Italian Film Director Pantheon:
Fellini Rossellini Pasolini
Moretti Visconti De Sica
Michelangelo Antonioni was born on 29th September 1912 in Ferrara, a small provincial capital in north-east Italy. He studied at the University of Bologna, beginning as a student of classics, but finishing a degree in economics. After graduation, Antonioni gravitated towards theater and the arts. He began writing film reviews for a local newspaper, which were often anything but flattering. In 1939, Antonioni moved to Rome, and started working for Cinema the official fascist film magazine, run by Mussolini’s son. He was fired shortly afterwards over a political dispute.
In 1940, Antonioni studied at the Centro Sperimentale and went on to work with directors like Roberto Rossellini and Enrico Fulchignoni. In 1943, he traveled to France to work with Marcel Carne on Les Visiteurs du Soir. He returned to Italy before the end of the war and between 1944-1948 made several documentaries, which show the developmental stages of his unique, minimalist style.
His earlier features were not well received, perhaps because they were well ahead of their time and of a style not fully developed. In Le Amíche, Antonioni approaches the story of a woman who tries to convince her lover to murder her husband, from the spiritual perspective, as opposed to a plot driven one.
Antonioni made his break into international cinema with his 1960 feature film, l’Avventura. This film nearly caused a riot at the Cannes Film Festival in 1960, but won the Grande Prize, despite this. I wish I could recommend this film to everyone, but to do so would be potentially cruel. The film moves at an incredibly slow pace, seems to have little to no plot, what plot it does contain simply dissolves at the end with no conclusion. For those interested in film as an art form, however, and for students of film, this movie is a masterpiece. Antonioni developed a very unique method of juxtaposing actors and landscape that give his movies a haunting reality. In watching l’avventura, one feels that the landscape is perhaps the most important character, while the actors simply move over it, fleetingly and unsure.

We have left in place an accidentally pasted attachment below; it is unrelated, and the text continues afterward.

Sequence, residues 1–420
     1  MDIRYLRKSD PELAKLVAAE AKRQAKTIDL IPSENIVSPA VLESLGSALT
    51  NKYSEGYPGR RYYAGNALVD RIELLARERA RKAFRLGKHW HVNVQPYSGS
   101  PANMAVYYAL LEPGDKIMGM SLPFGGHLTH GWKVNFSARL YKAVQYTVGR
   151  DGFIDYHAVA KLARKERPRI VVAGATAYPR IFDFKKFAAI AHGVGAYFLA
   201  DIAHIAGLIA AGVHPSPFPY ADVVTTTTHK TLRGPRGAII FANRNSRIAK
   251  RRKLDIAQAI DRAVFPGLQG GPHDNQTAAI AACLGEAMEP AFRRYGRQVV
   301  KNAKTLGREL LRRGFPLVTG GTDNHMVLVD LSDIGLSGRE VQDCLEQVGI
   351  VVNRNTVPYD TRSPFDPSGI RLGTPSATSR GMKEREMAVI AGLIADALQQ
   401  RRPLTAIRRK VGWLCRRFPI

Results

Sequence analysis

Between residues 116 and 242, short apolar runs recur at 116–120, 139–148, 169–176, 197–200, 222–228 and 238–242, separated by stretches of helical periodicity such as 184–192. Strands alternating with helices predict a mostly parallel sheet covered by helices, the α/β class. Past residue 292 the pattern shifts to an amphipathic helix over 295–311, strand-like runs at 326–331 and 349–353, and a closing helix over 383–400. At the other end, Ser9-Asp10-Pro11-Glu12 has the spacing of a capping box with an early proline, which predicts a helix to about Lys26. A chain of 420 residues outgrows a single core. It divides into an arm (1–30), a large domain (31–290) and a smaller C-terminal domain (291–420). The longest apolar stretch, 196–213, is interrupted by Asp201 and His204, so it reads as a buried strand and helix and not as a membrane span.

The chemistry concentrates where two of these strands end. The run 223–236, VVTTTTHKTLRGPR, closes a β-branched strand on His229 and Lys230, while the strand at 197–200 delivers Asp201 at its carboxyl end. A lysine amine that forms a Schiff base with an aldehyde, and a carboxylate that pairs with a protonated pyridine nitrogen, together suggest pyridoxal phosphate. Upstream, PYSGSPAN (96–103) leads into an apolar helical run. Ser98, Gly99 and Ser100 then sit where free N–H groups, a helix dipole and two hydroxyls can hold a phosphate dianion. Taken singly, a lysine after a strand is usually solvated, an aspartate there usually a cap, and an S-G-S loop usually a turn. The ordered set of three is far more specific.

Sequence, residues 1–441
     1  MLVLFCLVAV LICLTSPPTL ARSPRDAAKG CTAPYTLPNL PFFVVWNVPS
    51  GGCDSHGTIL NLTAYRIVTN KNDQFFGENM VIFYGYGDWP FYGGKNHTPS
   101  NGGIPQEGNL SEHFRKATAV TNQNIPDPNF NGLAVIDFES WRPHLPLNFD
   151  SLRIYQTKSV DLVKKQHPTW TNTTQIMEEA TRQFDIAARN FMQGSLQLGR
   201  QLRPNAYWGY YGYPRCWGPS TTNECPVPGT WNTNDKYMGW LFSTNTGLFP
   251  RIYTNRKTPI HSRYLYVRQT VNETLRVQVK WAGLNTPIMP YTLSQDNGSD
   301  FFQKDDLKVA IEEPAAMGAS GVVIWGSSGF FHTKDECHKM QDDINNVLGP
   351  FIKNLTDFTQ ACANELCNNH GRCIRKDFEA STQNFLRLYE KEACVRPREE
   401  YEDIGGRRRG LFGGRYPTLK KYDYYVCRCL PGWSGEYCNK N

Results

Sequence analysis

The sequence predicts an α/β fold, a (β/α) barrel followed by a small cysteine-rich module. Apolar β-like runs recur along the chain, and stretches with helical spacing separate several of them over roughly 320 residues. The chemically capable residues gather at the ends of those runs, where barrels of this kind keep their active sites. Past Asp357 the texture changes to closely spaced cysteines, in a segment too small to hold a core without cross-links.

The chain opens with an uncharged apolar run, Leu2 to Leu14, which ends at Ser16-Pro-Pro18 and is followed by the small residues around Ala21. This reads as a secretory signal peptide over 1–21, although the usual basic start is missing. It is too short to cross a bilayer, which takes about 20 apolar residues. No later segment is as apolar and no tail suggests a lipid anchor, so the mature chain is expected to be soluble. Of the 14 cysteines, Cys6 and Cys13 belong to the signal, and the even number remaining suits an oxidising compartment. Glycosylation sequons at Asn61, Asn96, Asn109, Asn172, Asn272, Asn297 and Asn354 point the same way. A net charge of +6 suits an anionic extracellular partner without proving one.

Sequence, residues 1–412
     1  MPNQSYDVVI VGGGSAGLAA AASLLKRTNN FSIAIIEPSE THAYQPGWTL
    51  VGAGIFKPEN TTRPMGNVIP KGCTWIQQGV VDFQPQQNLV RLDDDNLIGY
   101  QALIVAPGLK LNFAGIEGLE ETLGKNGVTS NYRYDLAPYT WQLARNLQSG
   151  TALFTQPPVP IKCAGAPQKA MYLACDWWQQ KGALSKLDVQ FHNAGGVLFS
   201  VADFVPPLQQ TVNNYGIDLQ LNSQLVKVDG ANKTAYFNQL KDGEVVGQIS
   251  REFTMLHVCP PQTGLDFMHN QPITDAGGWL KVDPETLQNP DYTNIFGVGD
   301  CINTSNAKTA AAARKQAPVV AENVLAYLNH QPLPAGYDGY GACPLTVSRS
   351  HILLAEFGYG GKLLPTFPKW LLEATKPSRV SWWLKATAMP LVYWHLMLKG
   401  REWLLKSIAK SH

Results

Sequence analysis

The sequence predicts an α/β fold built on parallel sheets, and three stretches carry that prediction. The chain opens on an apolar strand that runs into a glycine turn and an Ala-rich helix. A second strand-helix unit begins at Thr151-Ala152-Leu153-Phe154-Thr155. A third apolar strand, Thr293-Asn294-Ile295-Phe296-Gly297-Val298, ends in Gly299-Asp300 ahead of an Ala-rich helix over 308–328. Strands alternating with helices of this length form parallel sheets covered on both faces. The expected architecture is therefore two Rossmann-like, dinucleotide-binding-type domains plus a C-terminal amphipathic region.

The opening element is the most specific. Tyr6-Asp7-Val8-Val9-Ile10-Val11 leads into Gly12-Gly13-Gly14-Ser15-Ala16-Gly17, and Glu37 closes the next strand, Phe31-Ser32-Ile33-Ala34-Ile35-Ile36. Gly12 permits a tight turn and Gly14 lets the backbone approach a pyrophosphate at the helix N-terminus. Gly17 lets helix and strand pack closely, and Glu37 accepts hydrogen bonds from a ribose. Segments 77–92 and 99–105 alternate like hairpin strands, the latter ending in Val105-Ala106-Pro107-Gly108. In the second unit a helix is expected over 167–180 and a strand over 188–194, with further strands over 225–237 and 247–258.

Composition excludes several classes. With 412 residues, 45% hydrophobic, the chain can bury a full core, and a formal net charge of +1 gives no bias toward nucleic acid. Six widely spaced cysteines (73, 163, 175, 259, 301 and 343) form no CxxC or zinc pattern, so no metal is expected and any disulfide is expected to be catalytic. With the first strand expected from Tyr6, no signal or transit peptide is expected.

This film, which propelled Monica Vitti to international stardom, set a new standard in film making and can indeed by considered revolutionary. Like Fellini’s La Dolce Vita, l’avventura is a landmark of cinematic history. Lastly, l’avventura is the first part of the alienation trilogy. The other two films of this trilogy The Eclipse (1962) and La Notte (1961) followed closely after the first and further expanded Antonioni’s style.
I have included an essay on the alienation trilogy here
In 1966, Antonioni directed Blow Up, a film starring David Hemmings, about a photographer who accidentally photographs a murder. It is strange that this film should have been his most commercial success since it is certainly one of his most incomprehensible. It’s success, however, brought him to America where he directed Zabriski Point, his only feature in this country. A few years later he directed Jack Nicholson in The Passenger, which was shot in Northern Africa. Shortly thereafter his career came to an abrupt end when a bad review of one of his films caused its withdrawal from distribution.
Antonioni suffered from a stroke in 1985, but returned to film making in 1995 with a feature co-directed by Wim Wenders. He has also published a book That Bowling Alley on the Tiber and a painting collection The Enchanted Mountain.
Sources: Yahoo! Biography, memories of film class